The new Luxury Tax does not kick in for two years, meaning there is no greater penalty than the one the Lakers have paid for years coming, even if the team adds a significant player.
Using the Amnesty provision on Metta World, Steve Blake or Luke Walton won’t drop the Lakers far enough below the Luxury Tax line to gain a full Mid-Level exception, so there is absolutely nothing gained for the Lakers in using their Amnesty provision now other than the fan satisfaction of watching a player be released.
The smart money says hold on to it until 2013… that’s when they may “need” to use it to rebuild if things go badly for Kobe or Pau… it’s also when Chris Paul’s contract actually ends. The same with Dwight Howard – both hold Player Options for Free Agency this July with no obligation to use them.
Their respective teams may blink at the threat of losing them, but both do not have to be free agents this summer and if both really wanted to play together in L.A.… see where I am going?
In July of 2013, there are a lot of promising free agents (mostly restricted) to tempt the Lakers with beyond Paul, Deron Williams and Howard including:
Stephen Curry, GS Warriors – Restricted ($5.3 million Qualifying Offer)
Darren Collison, Indiana Pacers – Restricted ($3.3 million Qualifying Offer)
Ty Lawson, Denver Nuggets – Restricted ($3.6 million)
Brandon Jennings, Milwaukee Bucks – Restricted ($4.3 million Qualifying Offer)
Monta Ellis, Golden State Warriors – Early Termination Option ($11.0 million)
Andre Iguodala, Philadelphia 76ers – Early Termination Option ($15.9 million)
Tyreke Evans, Sacramento Kings – Restricted ($6.9 million Qualifying Offer)
Kevin Martin, Houston Rockets – Unrestricted
James Harden, OKC Thunder – Restricted ($7.6 million Qualifying Offer)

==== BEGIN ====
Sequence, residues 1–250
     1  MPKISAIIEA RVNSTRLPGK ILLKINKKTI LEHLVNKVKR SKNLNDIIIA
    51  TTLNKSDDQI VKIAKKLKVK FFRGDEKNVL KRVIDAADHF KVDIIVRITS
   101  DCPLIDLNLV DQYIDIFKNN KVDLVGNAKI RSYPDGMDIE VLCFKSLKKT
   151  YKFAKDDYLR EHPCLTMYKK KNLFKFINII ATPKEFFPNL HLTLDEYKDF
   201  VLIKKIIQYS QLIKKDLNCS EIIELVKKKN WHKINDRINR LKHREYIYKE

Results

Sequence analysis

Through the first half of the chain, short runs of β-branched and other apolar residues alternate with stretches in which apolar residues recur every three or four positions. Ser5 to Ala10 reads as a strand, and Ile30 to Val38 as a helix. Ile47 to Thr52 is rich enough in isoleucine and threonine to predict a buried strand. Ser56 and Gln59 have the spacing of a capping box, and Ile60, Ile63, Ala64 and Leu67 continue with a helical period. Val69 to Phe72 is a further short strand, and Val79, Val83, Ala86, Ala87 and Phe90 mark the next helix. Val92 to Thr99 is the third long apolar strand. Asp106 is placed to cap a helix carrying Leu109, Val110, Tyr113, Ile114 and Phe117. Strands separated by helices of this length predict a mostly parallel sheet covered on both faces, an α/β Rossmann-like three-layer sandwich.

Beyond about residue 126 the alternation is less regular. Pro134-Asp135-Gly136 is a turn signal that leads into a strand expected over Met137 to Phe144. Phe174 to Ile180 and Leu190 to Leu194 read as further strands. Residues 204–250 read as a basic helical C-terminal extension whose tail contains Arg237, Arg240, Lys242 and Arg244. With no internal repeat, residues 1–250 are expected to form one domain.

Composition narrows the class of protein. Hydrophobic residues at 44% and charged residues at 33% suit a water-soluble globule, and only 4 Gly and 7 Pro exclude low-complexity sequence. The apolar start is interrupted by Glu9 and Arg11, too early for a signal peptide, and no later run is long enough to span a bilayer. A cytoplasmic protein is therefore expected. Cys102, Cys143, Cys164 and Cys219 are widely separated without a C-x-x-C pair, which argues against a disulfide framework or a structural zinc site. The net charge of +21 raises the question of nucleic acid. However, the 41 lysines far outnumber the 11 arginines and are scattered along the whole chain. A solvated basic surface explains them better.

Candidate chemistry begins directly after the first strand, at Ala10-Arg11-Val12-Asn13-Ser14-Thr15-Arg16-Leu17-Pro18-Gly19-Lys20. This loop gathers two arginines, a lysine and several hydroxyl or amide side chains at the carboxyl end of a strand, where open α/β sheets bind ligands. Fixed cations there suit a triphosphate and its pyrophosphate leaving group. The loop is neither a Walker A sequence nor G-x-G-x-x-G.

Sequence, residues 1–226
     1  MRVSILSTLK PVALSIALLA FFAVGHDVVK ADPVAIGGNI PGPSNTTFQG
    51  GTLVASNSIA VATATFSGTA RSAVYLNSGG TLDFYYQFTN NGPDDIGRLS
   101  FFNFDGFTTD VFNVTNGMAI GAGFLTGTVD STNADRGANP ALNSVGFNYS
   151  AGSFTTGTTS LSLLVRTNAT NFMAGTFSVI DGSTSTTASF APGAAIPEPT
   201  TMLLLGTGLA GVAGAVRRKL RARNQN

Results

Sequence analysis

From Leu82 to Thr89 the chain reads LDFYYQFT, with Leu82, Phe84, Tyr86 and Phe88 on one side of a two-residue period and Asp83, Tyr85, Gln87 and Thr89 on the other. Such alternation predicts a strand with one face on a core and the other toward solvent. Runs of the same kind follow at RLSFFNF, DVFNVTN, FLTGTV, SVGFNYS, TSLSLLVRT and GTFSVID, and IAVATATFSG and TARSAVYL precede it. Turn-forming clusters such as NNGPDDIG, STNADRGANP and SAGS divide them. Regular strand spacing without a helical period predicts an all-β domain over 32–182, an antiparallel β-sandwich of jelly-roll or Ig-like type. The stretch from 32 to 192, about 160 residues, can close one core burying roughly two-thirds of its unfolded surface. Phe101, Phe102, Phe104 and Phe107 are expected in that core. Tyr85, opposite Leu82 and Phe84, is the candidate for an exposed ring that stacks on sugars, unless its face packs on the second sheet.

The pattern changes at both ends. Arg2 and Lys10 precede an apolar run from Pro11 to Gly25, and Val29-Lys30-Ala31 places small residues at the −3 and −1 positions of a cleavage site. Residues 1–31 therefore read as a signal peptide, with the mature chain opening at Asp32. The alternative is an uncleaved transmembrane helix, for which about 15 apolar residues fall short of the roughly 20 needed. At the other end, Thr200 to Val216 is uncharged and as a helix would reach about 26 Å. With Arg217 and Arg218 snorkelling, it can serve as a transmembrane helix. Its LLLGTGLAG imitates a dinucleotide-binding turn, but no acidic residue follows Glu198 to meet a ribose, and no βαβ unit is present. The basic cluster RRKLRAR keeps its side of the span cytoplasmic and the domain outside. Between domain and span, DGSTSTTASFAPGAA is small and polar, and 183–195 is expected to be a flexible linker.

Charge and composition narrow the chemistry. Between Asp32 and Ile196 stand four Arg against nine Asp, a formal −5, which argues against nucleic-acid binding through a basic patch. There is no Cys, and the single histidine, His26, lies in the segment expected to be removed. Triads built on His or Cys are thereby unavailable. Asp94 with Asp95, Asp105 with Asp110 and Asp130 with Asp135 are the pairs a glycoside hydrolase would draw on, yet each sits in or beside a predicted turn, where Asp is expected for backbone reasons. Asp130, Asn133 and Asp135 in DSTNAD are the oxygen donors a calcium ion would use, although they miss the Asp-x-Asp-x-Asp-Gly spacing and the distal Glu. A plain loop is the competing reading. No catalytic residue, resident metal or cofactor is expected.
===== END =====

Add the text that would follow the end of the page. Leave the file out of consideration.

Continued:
DeMar DeRozan, Toronto Raptors – Restricted ($4.5 million Qualifying Offer)
Josh Smith, Atlanta Hawks – Unrestricted
Paul George, Indiana Pacers – Team Option ($3.3 million)
Wesley Johnson, Minnesota Timberwolves – Team Option ($5.4 million)
Blake Griffin, L.A. Clippers – Restricted ($9.4 million Qualifying Offer)
Would it be smarter for the Lakers to use their Amnesty cut now when they can gain almost nothing from it, or is it better to put that puppy in your pocket and hold it for when using it can actually help your team?
Drop Kobe’s $30 million from the cap via Amnesty and the Lakers have roughly $31 million in commits in a year when the salary cap could be as high as $65 million. Drop the last year of Pau’s deal and the Lakers have $42.1 in commitments and maybe $22 million to spend.
Kobe’s career will end one day and Pau Gasol won’t be that far behind him, the question is do the Lakers want to be paying a premium when father time robs those guys of their ability to produce at the high level the Lakers need?
The smart money says the Lakers save that tool.
Time To Meet: The NBA will allow face-to-face meetings today between teams and players. Teams are permitted to administer physicals to free agents and engage in real contract talk in advance of a ratified deal on Thursday and the opening of training camp and signings on Friday December 9th.
Here is some of what we know:
Remember for the very latest on all of the Free Agency Moves, bookmark the 2011 NBA Free Agent Diary which will be updated throughout the day with the latest news, notes and insight on the free agent flurry. The Dairy will be updated through December 11th, so make sure to swing by early and often.